LAS VEGAS-One of the implied benefits to "smart" devices is that these helpful mobile gadgets eliminate work for its owners.
Turns out they might cause more work (or at least stress) for consumers than planned.
A new survey published by Accenture at the 2015 Consumer Electronics Show this week elaborated on some of the challenges presented by the burgeoning new world of connected devices, apps, and sensors - all of which together comprise the Internet-of-Things movement.
The online survey was conducted between October and November 2014, including responses from 24,000 consumers across 24 countries.
According to the global consulting firm, approximately 83 percent of consumers interviewed admitted to problems with new gadgets such as Wi-Fi enabled fitness wristbands, smart watches, smart home thermostats, in-car entertainment (or infotainment) systems, home surveillance cameras and security systems, and other health-minded wearables.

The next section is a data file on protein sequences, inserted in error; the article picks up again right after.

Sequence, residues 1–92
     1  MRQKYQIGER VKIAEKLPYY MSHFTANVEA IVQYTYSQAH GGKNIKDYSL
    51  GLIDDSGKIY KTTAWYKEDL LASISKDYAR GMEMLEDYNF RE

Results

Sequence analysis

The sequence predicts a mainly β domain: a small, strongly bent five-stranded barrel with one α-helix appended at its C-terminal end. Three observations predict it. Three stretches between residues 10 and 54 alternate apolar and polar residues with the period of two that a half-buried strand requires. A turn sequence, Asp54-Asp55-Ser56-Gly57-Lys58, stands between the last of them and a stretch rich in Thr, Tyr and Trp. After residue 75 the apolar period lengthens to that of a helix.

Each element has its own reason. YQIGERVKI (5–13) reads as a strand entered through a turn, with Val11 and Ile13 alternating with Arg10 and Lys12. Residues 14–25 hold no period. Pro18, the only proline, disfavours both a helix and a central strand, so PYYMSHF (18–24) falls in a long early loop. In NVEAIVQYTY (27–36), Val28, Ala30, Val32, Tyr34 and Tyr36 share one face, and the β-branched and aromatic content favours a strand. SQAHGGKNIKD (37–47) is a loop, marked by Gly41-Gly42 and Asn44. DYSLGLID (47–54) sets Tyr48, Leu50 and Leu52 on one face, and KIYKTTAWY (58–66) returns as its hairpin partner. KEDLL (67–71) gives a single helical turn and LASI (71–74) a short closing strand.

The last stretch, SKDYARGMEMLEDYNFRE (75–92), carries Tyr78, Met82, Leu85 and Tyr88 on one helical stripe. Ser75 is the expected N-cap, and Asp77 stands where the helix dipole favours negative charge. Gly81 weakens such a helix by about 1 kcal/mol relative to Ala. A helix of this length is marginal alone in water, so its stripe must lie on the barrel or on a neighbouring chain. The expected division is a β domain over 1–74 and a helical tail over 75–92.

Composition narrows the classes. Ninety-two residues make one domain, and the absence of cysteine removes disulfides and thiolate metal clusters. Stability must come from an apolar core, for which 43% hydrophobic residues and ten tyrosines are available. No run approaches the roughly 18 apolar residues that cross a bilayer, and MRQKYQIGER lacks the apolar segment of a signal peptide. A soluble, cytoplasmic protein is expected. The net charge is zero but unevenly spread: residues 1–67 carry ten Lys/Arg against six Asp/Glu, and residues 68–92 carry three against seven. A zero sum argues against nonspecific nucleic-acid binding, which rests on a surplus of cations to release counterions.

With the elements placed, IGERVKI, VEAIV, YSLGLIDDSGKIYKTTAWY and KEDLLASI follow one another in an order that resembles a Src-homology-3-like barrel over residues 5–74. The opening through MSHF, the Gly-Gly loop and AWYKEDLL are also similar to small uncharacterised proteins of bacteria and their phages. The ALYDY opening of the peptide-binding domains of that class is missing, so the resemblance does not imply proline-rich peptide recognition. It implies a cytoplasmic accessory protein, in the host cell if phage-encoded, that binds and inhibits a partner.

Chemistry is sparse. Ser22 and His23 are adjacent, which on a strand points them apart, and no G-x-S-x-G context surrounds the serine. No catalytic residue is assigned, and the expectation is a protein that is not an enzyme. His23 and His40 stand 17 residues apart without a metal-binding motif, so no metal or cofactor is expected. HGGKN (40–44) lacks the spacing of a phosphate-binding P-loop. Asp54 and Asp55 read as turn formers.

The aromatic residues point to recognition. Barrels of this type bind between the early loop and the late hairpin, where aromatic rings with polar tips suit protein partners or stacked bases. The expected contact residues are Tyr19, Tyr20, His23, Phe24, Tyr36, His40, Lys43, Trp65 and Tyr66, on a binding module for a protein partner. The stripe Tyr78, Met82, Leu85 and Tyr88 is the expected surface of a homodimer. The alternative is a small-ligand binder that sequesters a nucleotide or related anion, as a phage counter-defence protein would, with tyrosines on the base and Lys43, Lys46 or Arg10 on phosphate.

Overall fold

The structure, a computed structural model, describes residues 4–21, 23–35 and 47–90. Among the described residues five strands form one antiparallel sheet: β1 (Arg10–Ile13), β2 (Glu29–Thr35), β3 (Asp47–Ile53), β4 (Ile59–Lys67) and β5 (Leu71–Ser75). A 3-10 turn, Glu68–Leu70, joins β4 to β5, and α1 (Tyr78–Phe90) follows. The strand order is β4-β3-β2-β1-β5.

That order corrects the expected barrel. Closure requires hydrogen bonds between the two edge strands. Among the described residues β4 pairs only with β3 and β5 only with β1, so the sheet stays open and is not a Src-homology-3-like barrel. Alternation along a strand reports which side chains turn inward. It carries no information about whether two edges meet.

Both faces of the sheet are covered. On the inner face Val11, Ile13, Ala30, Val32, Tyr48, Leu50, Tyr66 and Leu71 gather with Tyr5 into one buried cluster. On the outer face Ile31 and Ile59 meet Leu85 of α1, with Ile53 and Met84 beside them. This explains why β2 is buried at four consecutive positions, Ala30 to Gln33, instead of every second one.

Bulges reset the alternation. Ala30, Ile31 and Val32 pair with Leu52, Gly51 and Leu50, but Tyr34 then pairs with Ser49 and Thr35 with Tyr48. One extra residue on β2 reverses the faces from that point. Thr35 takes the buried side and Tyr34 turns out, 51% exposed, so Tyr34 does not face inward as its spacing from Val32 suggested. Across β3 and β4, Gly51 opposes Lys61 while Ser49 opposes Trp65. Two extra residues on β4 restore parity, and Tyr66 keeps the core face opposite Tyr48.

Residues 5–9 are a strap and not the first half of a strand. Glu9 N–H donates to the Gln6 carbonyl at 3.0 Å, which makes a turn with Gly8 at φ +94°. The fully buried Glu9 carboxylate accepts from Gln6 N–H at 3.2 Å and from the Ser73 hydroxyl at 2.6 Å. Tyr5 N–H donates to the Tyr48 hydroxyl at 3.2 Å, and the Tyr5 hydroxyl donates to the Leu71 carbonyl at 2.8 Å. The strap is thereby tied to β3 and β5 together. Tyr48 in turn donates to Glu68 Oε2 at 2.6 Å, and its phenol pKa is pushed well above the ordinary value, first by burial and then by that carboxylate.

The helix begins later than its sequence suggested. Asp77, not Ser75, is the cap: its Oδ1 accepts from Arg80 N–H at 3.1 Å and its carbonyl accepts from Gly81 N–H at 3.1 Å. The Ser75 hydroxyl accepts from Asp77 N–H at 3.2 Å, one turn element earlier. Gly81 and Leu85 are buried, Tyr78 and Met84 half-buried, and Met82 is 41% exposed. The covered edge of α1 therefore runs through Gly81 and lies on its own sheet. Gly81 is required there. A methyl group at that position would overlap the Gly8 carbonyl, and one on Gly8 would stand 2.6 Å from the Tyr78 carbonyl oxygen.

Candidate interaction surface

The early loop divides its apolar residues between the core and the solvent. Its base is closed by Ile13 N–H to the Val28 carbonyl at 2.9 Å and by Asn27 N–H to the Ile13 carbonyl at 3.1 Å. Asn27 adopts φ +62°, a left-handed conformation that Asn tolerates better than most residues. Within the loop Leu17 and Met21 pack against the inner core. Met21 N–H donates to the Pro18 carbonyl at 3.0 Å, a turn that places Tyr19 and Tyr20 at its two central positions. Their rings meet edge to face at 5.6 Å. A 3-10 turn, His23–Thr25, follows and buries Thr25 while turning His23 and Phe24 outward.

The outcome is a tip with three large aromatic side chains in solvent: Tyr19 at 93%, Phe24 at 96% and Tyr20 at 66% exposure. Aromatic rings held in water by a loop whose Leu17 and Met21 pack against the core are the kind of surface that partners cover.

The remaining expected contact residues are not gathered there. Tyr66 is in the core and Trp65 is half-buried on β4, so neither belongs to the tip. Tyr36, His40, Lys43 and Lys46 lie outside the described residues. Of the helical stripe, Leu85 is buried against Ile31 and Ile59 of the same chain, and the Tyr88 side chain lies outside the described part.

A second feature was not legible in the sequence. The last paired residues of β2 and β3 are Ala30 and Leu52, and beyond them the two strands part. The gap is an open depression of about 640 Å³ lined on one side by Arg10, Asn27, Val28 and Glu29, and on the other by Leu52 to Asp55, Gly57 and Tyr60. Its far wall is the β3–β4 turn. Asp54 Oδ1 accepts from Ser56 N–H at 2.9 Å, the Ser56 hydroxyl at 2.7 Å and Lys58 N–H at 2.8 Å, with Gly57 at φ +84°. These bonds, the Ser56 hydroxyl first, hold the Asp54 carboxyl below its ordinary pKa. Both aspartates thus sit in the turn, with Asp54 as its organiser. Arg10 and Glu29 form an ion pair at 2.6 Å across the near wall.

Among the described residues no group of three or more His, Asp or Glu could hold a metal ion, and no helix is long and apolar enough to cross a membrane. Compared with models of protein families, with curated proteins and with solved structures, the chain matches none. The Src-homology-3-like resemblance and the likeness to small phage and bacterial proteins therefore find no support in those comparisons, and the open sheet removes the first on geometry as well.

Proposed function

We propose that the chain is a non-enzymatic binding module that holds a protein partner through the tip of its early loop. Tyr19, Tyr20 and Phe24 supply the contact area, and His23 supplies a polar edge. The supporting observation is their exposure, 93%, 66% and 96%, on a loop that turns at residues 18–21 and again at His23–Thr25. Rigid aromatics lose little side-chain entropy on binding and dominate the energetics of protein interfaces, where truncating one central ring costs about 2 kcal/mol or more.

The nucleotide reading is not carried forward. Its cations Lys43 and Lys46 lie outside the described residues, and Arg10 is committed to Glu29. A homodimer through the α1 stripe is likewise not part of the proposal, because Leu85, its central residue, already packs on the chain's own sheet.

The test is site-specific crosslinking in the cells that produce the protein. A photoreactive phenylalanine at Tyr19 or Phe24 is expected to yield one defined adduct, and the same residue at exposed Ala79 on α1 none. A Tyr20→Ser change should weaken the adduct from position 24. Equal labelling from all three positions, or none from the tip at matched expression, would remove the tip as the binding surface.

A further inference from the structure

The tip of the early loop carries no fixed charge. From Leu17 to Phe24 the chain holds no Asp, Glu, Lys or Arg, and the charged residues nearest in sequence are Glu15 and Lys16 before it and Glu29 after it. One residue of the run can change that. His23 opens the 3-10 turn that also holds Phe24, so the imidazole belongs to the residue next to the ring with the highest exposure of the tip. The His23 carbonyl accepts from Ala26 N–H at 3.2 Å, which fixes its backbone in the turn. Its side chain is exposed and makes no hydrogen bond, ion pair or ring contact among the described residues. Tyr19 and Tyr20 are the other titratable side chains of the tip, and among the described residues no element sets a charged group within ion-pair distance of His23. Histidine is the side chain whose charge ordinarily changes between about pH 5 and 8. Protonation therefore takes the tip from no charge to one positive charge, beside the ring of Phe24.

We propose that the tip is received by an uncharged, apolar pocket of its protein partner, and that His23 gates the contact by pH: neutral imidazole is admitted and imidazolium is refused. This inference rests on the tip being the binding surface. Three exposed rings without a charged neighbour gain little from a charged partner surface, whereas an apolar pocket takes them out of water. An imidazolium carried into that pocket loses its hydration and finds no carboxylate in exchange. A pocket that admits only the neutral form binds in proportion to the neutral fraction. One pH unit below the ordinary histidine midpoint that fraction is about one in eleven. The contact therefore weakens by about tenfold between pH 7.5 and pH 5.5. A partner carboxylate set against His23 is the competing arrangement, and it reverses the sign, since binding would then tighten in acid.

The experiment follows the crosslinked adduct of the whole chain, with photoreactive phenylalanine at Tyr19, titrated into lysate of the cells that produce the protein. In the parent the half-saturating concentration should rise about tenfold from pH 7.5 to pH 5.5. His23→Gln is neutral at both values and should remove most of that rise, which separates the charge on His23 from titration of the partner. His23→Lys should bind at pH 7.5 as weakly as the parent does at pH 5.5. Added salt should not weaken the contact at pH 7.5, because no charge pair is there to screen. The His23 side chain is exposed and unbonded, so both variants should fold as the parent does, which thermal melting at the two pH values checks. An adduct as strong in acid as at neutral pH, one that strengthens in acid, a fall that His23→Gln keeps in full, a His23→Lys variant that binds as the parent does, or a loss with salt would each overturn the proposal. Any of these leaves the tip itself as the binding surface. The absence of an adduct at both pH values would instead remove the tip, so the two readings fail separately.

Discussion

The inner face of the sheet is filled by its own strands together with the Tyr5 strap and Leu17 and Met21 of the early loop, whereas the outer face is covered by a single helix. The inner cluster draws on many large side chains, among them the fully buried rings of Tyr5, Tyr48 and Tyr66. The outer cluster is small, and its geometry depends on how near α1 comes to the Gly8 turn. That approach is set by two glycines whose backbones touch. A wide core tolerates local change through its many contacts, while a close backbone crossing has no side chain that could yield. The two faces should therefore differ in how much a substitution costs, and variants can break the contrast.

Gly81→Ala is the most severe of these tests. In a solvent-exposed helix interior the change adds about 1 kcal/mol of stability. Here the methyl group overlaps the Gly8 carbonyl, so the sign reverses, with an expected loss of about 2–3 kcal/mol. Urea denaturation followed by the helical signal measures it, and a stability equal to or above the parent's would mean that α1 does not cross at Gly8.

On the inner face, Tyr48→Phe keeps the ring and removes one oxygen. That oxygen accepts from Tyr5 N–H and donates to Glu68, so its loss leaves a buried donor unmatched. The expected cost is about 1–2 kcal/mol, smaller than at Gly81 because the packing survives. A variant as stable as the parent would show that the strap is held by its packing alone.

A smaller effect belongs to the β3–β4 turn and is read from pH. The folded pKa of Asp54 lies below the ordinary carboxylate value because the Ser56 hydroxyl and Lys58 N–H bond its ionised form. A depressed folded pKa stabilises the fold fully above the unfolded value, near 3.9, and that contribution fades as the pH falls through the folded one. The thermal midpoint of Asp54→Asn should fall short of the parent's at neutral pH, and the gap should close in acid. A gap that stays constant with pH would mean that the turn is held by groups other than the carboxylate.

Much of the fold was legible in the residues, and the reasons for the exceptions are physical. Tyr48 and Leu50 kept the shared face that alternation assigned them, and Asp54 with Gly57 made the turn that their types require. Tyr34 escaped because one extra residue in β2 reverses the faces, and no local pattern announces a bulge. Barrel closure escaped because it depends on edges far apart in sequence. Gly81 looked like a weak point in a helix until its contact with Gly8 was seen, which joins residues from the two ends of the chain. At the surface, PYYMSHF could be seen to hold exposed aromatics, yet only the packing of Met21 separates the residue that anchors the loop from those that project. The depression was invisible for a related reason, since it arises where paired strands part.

Among these problems, the most frequently cited quandaries included being "too complicated to use" (21 percent), "set-up did not proceed properly" (19 percent), and "did not work as advertised" (19 percent).
In fairness, any of these responses could be applied to virtually any device or appliance released in years and decades before wearables were ever conceived let alone sold.
Nevertheless, these hurdles still go against cost and time savings continually promised by connected tech providers.
Sami Luukkonen, managing director for Accenture's Electronics and High Tech group, suggested in the report that "high tech companies need to go back to the drawing board and rethink their product development approaches to focus on the entire customer experience."
Beyond functionality, tech companies have a bigger grey area to address: data security.
Researchers highlighted trust as a "big concern for consumers," with 54 percent affirming they're not confident in the security of their personal data, such as email addresses, mobile phone numbers, and purchasing history.
That isn't to say the future of the whole connected devices market looks dire, rather quite the contrary.
Based on survey responses, Accenture projected 12 percent of consumers will buy a wearable fitness monitor in the next year. That prediction is expected to blossom to 40 percent within the next five years.